I cannot believe, as the further I get away from my Southern Baptist beliefs, that millions upon millions of intelleget people still believe this stuff and believe it with fierce devotion. I scream in my mind "HOW?!"

ED: I'll tell you how, Death is frightening, and absolute truth is intoxicating.

If you are ever in the Tampa area speaking, or if there is an organization you recommend joining, or any symposiums to attend, I would be delighted to receive info.

ED: I do not travel. I work at a university library in Greenville, S.C. Though I have a website, so I travel mentally. www.edwardtbabinski.us

Also check out a site called, "Leaving Christianity" (easy to remember and google up), run by former fundie Steve Locks who collects web addresses of the latest former fundie testimonies and dialogues with fundie apologists.

Jennifer


Leaving the Fold
by John G.

Forwarded by JG/LA/UCO on 11/10/2003 11:20 AM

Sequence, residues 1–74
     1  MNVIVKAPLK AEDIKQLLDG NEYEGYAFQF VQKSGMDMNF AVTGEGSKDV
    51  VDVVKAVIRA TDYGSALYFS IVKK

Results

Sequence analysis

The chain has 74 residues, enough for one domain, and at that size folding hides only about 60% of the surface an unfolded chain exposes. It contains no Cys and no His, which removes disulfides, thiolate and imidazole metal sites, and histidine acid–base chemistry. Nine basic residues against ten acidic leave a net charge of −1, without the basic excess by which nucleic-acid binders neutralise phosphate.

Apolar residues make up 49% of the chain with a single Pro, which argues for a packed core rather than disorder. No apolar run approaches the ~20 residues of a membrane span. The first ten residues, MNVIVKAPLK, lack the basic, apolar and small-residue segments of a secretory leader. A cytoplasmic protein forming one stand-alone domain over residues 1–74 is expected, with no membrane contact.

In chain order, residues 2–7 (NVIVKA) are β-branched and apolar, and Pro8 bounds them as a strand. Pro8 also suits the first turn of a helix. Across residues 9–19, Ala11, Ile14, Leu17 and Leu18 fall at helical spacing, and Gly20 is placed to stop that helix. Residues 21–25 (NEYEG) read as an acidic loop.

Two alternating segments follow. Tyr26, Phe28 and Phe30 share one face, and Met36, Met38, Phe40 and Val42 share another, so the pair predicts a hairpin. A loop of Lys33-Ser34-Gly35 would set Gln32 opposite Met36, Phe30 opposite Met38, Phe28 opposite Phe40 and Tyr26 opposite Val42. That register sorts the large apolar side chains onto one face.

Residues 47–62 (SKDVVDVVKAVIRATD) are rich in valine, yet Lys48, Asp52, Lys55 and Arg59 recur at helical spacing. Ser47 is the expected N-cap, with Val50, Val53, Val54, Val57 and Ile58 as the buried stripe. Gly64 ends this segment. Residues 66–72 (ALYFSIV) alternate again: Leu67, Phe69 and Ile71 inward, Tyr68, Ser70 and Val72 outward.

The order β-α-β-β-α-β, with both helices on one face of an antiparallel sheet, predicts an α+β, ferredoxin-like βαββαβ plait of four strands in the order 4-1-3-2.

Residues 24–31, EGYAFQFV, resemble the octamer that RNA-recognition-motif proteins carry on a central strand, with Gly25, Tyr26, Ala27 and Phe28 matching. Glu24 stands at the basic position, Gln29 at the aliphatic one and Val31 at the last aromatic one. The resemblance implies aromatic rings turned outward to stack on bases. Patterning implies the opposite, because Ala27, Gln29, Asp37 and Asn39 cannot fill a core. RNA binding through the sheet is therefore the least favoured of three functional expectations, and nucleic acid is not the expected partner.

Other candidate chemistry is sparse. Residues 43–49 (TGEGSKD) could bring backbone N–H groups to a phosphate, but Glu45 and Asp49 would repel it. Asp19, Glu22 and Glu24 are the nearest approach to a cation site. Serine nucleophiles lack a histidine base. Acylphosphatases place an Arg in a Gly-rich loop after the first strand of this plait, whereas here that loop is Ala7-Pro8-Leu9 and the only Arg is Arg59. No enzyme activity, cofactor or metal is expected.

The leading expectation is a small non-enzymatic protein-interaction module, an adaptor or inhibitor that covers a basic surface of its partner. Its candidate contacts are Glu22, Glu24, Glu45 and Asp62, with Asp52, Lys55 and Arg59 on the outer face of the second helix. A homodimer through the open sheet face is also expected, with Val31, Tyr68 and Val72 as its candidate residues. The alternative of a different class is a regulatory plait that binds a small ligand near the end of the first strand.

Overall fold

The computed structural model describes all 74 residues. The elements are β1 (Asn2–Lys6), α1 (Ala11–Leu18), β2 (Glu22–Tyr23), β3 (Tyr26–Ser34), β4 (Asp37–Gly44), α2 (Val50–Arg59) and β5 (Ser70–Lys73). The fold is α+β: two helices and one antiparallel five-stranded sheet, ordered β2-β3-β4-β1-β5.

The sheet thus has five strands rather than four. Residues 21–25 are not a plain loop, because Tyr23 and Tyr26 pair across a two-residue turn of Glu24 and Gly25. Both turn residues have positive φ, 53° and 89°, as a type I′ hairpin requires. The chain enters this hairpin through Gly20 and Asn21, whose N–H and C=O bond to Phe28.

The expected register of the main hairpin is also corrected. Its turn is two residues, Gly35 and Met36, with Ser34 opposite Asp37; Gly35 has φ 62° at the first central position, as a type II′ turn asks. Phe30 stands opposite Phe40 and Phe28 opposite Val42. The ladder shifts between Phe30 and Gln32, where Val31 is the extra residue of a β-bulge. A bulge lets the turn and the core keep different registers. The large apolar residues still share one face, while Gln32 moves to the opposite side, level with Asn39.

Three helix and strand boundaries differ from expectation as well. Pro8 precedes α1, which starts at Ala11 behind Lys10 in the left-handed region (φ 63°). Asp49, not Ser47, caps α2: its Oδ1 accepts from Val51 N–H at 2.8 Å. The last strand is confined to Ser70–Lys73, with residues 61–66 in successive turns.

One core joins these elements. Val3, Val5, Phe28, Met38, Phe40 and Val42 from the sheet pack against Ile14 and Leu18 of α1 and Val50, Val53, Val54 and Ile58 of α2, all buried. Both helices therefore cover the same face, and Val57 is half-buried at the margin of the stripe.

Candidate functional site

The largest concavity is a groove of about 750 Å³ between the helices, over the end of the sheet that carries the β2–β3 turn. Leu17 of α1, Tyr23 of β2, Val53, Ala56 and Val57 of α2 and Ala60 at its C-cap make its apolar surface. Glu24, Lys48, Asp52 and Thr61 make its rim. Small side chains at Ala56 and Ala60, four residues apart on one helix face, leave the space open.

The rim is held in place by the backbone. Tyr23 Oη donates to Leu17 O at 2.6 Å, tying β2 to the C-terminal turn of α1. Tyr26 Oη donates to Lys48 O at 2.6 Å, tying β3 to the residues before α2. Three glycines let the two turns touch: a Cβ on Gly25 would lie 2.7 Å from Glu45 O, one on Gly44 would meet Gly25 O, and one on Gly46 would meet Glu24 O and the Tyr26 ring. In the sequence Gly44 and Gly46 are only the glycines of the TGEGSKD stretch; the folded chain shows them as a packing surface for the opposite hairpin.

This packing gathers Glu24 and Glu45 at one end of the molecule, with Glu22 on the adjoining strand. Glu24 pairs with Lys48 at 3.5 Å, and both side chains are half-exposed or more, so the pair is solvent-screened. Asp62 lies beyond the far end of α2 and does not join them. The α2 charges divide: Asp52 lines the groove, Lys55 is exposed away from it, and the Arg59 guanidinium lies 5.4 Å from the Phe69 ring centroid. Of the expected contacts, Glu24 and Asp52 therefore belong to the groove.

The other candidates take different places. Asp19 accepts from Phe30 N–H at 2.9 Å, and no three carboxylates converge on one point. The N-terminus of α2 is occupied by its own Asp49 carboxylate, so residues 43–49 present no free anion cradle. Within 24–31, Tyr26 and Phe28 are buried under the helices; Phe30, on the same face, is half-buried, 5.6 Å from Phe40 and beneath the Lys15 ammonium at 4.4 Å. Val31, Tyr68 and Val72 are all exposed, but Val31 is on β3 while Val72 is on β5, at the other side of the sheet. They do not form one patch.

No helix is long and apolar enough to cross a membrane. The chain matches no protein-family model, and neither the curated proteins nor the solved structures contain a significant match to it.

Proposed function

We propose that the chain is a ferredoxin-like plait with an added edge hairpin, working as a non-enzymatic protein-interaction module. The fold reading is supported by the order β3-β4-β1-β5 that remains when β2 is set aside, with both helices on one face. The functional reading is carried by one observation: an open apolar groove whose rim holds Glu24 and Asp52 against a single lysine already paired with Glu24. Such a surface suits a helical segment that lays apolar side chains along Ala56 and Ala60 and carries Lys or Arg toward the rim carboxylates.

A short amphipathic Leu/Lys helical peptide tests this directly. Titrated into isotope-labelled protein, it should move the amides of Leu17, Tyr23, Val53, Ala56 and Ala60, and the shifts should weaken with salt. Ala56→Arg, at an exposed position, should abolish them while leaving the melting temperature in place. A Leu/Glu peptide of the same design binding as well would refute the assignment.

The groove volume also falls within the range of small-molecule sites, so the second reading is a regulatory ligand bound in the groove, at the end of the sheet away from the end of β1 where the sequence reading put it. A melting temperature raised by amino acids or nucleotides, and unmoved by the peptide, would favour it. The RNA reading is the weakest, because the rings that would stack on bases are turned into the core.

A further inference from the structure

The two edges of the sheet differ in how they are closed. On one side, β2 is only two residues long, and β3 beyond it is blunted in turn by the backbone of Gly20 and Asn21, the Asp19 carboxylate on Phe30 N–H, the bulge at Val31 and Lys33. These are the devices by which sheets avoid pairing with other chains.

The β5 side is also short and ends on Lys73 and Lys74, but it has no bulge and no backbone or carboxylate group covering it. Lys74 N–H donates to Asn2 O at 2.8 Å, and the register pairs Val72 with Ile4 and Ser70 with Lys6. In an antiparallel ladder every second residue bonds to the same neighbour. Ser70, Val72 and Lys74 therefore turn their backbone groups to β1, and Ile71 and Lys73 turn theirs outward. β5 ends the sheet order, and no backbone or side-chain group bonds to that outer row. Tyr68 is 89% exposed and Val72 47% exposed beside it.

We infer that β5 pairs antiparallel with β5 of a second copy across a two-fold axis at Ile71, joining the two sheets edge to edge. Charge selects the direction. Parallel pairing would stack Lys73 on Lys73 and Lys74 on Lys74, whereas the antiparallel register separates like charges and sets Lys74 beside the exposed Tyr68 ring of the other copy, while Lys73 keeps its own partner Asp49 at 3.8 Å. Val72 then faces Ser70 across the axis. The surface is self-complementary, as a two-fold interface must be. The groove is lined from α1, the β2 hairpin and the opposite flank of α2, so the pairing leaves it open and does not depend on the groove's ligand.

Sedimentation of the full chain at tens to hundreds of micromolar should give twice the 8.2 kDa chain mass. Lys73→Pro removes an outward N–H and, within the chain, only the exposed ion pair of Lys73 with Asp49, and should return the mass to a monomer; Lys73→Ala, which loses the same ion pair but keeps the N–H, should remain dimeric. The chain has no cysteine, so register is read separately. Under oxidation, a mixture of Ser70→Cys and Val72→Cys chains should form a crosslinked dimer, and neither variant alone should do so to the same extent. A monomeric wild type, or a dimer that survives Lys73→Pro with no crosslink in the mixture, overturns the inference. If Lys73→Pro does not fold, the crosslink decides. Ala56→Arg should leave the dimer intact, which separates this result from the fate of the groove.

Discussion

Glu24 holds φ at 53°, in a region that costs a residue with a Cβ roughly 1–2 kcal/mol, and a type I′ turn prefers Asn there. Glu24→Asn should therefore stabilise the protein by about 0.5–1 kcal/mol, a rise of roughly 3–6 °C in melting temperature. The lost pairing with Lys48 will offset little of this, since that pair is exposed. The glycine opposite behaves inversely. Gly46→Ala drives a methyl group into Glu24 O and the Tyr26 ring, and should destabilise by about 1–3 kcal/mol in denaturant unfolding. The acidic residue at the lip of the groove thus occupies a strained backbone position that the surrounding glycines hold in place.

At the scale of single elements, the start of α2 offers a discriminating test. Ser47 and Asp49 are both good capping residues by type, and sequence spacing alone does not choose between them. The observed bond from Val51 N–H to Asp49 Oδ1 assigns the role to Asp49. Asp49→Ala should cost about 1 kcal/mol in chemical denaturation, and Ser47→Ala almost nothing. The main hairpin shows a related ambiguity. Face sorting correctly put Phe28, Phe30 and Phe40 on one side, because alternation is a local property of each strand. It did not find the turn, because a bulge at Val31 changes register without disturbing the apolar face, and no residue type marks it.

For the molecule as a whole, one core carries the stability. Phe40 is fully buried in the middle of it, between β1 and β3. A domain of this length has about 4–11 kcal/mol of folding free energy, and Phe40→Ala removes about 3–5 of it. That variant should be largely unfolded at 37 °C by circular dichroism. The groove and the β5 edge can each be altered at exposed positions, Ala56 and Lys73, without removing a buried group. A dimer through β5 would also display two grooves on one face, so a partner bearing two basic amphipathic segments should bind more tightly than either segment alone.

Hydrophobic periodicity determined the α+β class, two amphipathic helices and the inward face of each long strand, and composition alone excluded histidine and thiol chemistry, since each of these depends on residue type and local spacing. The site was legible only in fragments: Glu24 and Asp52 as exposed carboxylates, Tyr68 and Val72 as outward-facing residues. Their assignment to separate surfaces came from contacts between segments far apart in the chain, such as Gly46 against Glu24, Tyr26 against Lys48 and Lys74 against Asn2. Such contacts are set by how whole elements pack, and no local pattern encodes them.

From: John George
To: Ed Babiniski
11/10/2003 11:11AM

Just read your LEAVING THE FOLD in paperback and am much impressed.

We have a mutual friend, Everette Hatcher, who tries harder than most to get the facts straight. Such people are to be appreciated. I was interested that you seem to find some validity in the life after life stuff. Are you aware that Eliz. Kubler Ross, during the last 2 or so years of her life, decried it all and said she was sorry she had caused so many to believe in it? There are also a number of articles and a couple of books which give a scientific explanation of the phenomenon.